COVID-19 Updates
Updated April 1, 2021

We will continue remote teaching this summer with an expectation to return to classrooms in Fall 2021. See details. 

time exposed photo of headlights in urban center

Edward Stone

Ed StoneWhat program do you teach in?

I teach graduate level classes within the School of Psychology & Counseling.

Who or what has inspired you?

My mother is the one person who I would say has had the greatest impact on the way I see and understand the world because she has never been someone to let others write her story for her. She’s one of those people who told me I could do or be anything and she meant it when she said it. My father definitely instilled that in me as well and I’m thankful for the role they both have played in shaping who I am today and helping me to see myself as someone who is here for a reason. They both inspired me to think that way and I’ve always carried that with me. 

What does racial equity and social justice mean to you?

I would define racial equity in terms of equal access to resources and opportunities for individual people as well as across systems. In order to achieve that we need to acknowledge the legacy of oppression that our society was built upon and take steps to address the inequity that persists in our systems and institutions in modern day times. Social justice to me is the means of accomplishing that end. Social justice is something that we have to live, it can’t just be the intellectual indictment of racism and other “ism’s” in our country.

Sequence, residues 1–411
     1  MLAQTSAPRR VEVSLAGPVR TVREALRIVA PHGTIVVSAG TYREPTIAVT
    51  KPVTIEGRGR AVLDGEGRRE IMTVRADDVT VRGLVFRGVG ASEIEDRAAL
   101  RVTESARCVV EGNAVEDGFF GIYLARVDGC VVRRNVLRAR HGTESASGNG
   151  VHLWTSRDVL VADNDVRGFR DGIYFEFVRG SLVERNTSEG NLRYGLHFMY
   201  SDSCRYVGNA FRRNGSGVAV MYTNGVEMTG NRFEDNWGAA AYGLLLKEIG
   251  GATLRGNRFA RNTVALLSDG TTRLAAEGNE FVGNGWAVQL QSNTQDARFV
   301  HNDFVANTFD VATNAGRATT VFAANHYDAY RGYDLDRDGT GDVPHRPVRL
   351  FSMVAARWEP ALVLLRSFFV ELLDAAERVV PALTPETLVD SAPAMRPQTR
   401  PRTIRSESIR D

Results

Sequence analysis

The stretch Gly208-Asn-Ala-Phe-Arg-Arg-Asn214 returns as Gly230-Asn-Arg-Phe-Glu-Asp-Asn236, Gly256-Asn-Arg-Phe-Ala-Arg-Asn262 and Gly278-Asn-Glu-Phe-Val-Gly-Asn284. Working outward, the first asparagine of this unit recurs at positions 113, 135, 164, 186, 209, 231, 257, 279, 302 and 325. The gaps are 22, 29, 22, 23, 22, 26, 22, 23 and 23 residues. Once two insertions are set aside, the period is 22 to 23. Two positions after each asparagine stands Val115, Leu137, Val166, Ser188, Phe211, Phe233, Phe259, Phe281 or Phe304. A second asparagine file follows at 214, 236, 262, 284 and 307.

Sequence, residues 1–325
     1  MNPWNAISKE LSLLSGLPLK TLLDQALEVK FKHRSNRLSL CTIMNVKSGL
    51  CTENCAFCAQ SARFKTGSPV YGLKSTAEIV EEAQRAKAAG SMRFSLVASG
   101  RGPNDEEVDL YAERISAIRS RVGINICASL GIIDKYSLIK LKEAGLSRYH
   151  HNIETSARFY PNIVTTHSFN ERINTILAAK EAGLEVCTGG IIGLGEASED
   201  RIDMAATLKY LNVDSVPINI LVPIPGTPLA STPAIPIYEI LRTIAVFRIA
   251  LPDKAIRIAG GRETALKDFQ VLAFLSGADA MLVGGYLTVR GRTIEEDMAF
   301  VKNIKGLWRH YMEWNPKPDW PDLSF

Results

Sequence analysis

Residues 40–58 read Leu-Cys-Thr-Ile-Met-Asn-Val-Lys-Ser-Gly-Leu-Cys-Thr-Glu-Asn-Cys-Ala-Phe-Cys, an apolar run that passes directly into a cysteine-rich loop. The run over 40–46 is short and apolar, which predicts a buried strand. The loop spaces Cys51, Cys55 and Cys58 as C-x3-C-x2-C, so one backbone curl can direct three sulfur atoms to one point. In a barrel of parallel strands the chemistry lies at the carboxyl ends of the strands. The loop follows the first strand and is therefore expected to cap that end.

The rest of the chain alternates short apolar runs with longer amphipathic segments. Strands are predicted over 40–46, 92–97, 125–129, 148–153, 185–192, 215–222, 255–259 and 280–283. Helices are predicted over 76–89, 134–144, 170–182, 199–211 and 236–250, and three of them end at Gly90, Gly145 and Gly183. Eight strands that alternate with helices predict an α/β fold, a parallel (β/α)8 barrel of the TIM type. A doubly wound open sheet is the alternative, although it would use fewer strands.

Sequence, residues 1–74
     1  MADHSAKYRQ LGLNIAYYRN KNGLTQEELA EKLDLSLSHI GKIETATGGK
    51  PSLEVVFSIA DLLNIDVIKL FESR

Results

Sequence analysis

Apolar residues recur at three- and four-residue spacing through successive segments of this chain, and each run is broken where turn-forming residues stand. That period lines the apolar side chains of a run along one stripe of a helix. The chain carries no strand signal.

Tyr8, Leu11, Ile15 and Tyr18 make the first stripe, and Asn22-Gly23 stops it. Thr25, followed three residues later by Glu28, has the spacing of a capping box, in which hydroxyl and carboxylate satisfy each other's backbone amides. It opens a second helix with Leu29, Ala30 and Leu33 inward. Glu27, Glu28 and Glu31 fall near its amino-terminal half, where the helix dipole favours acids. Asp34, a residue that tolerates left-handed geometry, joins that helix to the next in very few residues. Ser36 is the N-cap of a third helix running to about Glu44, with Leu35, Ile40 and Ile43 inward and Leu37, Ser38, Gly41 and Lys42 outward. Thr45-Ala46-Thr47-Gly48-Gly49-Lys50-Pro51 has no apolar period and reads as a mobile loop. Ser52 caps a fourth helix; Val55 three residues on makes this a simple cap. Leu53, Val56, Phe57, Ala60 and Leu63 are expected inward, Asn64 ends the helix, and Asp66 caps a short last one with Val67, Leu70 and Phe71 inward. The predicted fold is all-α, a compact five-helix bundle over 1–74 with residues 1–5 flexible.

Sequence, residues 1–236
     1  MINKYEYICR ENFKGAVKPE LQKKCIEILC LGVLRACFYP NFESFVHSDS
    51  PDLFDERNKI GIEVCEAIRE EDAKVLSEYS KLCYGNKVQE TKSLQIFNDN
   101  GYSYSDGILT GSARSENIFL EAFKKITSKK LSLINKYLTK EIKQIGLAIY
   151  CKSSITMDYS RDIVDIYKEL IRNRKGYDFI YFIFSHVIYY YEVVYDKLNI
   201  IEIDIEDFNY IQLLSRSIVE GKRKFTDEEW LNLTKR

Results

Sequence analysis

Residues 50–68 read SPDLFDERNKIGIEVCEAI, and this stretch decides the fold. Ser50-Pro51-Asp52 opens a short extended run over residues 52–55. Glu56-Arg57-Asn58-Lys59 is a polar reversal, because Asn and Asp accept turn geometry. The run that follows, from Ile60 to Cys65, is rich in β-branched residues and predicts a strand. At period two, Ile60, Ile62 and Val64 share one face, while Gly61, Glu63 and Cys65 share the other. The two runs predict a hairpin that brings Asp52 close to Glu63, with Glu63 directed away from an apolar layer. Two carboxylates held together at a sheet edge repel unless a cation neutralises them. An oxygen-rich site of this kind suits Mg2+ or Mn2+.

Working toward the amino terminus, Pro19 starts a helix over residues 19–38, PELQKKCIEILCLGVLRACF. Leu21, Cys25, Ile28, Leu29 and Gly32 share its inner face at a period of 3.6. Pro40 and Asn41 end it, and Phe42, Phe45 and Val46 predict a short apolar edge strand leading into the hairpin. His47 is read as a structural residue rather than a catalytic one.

What is your favorite book, poetry, documentary or other resource on Black history?

The Autobiography of Malcolm X: As Told to Alex Haley. Each time I read it, I pick up different things from it so in that way it’s one of those gifts that keeps giving. The first time I read it was as a teenager and I still remember this quote that I had underlined at that time, “It has always been my belief that I, too, will die by violence. I have done all that I can to be prepared.” That has always stuck with me because it shows who Malcolm X was. At his core, he was someone who cared deeply enough about the cause that he was willing to die for it. That’s a level of conviction that is unassailable and I hope to one day feel that kind of passion and that level of commitment in what I stand for.

When I dream in Black...

I tap into my roots and I feel the spirit of my ancestors. I bear witness to the sacrifice that was made so that I can live my life freely and without being bound to the limitations that others would place upon me and before me. When I dream in Black, I step into self-determination, and I bring life to the principle of Kujichagulia.